As the City of Fort Collins urges the community to reduce outdoor use of treated water through October and November, Colorado State University has curtailed all landscape irrigation that uses domestic water and has voluntarily reduced raw water irrigation as well.
The citywide push for an early shift to winter levels of water use – including water use restrictions – is in support of a maintenance project called the Horsetooth Outlet Project, coupled with concerns about drought conditions and possible effects on water quality from the Cameron Peak Fire. The watering restrictions on treated water do not apply to CSU raw water or other raw water irrigation in Fort Collins, and certain other exceptions which must be registered with the city.
CSU Raw Water
As part of CSU’s nationally recognized commitment to sustainability, the university irrigates turf areas – such as intramural fields – and other landscaping with raw water which is stored in College Lake. The Colorado State University Raw Water Utility has provided non-potable irrigation water to the CSU Foothills, Main and South Campuses since 1966. Non-potable water from this utility is used to irrigate more than 98% of CSU’s 250 acres of irrigated landscapes and accounts for approximately 75% of all water consumption by CSU at the Larimer County campuses.
“When people see the irrigation running on campus they’re seeing a raw water system that is a cornerstone of the water conservation strategy on our campuses,” said University Planner Fred Haberecht. “This fall, along with shutting down any use of treated water as part of the current rules to reduce water use in the city, we’re also making an extra push to reduce use of our raw water as we head toward winter even as we have adequate water in College Lake and it’s not part of the city system directly impacted by HOP, drought and fire concerns.”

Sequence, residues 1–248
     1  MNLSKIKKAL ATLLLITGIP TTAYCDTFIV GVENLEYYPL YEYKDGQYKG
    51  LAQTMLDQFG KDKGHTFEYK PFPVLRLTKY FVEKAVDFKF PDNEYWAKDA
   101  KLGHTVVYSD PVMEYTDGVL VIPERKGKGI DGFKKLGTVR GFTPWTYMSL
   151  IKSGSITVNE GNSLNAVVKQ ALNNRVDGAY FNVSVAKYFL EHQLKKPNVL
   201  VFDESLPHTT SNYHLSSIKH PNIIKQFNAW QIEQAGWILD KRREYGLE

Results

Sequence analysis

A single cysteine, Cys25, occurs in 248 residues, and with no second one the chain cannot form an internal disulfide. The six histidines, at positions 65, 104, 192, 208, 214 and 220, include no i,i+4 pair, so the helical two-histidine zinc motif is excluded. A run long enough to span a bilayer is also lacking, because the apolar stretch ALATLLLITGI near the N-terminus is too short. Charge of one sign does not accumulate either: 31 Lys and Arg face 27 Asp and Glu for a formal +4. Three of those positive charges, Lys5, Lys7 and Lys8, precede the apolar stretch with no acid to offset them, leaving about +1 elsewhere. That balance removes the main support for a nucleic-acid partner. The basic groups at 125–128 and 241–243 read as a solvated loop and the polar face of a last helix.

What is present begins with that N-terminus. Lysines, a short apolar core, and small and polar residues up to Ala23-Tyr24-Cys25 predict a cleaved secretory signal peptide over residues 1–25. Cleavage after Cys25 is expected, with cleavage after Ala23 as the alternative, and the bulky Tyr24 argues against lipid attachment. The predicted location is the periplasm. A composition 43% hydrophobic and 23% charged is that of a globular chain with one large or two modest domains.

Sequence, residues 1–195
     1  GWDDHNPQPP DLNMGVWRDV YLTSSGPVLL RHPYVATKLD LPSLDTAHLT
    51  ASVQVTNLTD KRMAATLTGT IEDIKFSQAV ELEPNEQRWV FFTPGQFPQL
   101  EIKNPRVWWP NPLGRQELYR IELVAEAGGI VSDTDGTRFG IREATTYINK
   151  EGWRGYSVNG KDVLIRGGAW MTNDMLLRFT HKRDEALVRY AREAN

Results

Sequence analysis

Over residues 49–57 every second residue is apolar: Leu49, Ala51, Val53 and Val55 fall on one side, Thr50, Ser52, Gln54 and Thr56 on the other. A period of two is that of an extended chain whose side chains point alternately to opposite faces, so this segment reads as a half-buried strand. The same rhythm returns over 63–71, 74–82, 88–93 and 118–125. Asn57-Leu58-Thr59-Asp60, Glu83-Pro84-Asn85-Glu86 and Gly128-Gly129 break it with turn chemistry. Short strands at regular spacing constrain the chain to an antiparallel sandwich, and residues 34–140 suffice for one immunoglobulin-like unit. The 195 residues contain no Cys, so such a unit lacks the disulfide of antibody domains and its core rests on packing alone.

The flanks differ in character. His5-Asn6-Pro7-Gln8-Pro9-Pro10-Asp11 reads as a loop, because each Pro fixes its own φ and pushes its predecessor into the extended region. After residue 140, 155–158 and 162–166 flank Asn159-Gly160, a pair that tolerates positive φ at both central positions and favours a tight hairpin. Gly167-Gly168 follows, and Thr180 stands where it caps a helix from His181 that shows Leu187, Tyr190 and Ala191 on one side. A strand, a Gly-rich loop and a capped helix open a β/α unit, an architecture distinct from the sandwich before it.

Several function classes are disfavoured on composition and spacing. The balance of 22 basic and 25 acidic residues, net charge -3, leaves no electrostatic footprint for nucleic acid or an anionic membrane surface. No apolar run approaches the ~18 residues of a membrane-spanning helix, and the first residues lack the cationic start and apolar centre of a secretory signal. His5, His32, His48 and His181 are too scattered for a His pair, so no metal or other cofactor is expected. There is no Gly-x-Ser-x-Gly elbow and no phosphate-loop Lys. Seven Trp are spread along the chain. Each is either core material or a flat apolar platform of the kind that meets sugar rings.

Project planners say the Horsetooth Outlet Project is necessary to repair and upgrade the outlet at the Soldier Canyon Dam which supplies water to more than 220,000 residents and businesses. Work on the project is planned to last 30-45 days beginning in mid-October. The autumn timing is intended to decrease impacts to customers and landscaping while also allowing time for the work to be completed before winter weather sets in.
Since restrictions began October 1, the city has seen a drop in water use that aligns with the goal of cutting from summer use levels of 35-40 million gallons per day down to winter levels of 13-15 million gallons per day. The city’s HOP webpage includes a “goal post” plot where community members can track progress in reducing demand for treated water.
“We have seen a decrease in water use since the restrictions began, but we still need the community’s help through October and November,” said Alice Conovitz, water conservation analyst with Fort Collins Utilities. “Small actions can make a big difference. If we all do our part, we can make the most out of our water resources during HOP and the continued dry weather.”
“When people see the irrigation running on campus they’re seeing a raw water system that is a cornerstone of the water conservation strategy on our campuses,” said Fred Haberecht, University Planner. “This fall, along with shutting down any use of treated water as part of the current rules to reduce water use in the city, we’re also making an extra push to reduce use of our raw water as we head toward winter even as we have adequate water in College Lake and it’s not part of the City system directly impacted by HOP, drought and fire concerns.”